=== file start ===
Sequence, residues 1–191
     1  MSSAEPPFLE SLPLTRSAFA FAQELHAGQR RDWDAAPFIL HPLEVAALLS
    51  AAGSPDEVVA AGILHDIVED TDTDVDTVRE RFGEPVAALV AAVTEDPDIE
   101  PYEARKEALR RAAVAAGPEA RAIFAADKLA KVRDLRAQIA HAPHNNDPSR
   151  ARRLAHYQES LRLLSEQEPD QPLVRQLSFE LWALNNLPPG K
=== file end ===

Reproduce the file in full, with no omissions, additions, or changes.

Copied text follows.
Sequence, residues 1–191
     1  MSSAEPPFLE SLPLTRSAFA FAQELHAGQR RDWDAAPFIL HPLEVAALLS
    51  AAGSPDEVVA AGILHDIVED TDTDVDTVRE RFGEPVAALV AAVTEDPDIE
   101  PYEARKEALR RAAVAAGPEA RAIFAADKLA KVRDLRAQIA HAPHNNDPSR
   151  ARRLAHYQES LRLLSEQEPD QPLVRQLSFE LWALNNLPPG K